According to Steve Joynt, the editor of Mobile Mask, the relatively soft MoonPies became a hit after the city purportedly banned the throwing of Cracker Jack because people were getting hurt by the flying boxes. We ran into Joynt one day at the Blind Mule Restaurant & Bar. Jumping for prizes works up an appetite and we’d stopped in to try the famous shrimp and grits. Joynt was taking a break from covering the parades. The Richmond native is a Mardi Gras convert.
“It’s like waking up one morning and realizing there’s a whole new holiday,” he told us. “And it’s not just for kids.”
That said, kids get their share of the action, and even ride as royalty during the Floral Parade that takes to the streets on both Saturday and Monday.
Joynt’s publication is the definitive guide to all the goings-on during Mardi Gras. But the festival is a subject Mobilians hold dear all year. The Mobile Museum of Art is marking its 50th anniversary with a special exhibit called “The Art and Design of Mardi Gras” (up through May 3) to celebrate the artists and designers who bring new flights of imagination to Mardi Gras each year. Site-specific installations help fill the galleries with the sights and sounds of the city’s signature event.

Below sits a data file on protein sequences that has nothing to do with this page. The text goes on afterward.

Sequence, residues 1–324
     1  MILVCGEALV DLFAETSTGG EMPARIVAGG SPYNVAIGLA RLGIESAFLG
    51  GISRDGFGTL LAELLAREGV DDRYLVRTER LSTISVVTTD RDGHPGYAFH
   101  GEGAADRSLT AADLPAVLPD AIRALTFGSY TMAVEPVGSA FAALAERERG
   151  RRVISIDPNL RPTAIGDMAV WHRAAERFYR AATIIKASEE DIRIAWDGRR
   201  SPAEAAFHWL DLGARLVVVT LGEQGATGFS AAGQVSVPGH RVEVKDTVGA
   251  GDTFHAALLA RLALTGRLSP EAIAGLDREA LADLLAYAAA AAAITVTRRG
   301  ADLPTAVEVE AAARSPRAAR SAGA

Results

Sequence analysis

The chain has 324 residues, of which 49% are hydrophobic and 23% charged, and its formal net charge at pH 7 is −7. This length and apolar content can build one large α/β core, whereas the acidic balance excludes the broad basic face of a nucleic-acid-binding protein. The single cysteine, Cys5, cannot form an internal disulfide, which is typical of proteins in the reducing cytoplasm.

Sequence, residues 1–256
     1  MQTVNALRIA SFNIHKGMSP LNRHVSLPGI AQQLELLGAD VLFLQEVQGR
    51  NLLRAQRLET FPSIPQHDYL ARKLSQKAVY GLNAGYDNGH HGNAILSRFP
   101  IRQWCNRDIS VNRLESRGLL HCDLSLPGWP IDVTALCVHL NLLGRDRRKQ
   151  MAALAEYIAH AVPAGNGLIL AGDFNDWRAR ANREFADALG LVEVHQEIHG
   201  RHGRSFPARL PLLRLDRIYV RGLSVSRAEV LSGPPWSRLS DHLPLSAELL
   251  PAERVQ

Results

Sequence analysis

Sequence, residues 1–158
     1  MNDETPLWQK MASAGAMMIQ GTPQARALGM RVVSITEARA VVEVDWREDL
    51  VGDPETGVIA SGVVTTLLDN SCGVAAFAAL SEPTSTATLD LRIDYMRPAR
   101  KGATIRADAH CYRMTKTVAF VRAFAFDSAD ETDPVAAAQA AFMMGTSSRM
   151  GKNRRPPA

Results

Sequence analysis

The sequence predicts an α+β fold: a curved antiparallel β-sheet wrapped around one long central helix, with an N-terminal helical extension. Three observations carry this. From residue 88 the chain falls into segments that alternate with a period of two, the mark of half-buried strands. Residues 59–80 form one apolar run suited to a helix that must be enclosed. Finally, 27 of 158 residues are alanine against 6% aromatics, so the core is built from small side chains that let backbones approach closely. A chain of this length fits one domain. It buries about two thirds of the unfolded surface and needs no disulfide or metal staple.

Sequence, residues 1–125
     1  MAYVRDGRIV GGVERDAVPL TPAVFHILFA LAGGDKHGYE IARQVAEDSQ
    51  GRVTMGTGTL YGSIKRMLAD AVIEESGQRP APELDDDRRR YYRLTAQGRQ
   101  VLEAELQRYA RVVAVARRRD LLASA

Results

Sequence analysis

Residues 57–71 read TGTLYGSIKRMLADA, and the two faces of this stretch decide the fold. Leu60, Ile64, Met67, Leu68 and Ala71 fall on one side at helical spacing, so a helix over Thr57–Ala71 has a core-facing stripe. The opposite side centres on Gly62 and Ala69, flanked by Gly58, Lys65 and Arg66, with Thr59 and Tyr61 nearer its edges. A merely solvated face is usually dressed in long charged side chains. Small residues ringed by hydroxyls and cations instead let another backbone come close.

Opened in 2005, the Mobile Carnival Museum teases out the history of the parading societies and has an impressive collection of Mardi Gras trappings. The elaborate robes worn by the kings and queens hint at the pride of being chosen as Mardi Gras royalty, while more bizarre costumes emphasize the offbeat sensibilities that make Mobile Mardi Gras fun for commoners as well.
“If you think drag queens are a new phenomenon, they are not,” said volunteer guide Craig Roberts as we paused in a small gallery devoted to the Comic Cowboys, whose queen, Little Eva, is always a burly guy in a dress. Founded in 1884, the Cowboys run a funky parade — putting most of their effort into coming up with tacky jokes for the big signs that they plaster to the sides of wagons and trailers. “They make fun of everything and everybody,” said Roberts. The group’s motto “Without Malice” does not prohibit them from skirting — and occasionally crossing — the boundaries of good taste. This is a parade where you might not want to bring the children.
On Fat Tuesday, the parades always conclude with the Order of Myths, Mobile’s oldest continuously parading group, which debuted in 1868. Their emblem float is pulled by mules and always carries figures of Death and Folly racing around a broken column as they beat each other with dried and inflated pig bladders painted gold. Folly, by the way, always wins and balloons are never substituted for the bladders. There are still enough bladders to toss to the crowd.
Joynt had urged me to boost my Mardi Gas cred with one of these unique — but rather smelly — throws. By the time the parade rolled around on a rainy evening, I had my wave, yell, jump, and grab motion down to a science. But I decided to stick with beads — and MoonPies!
Patricia Harris can be reached at firstname.lastname@example.org.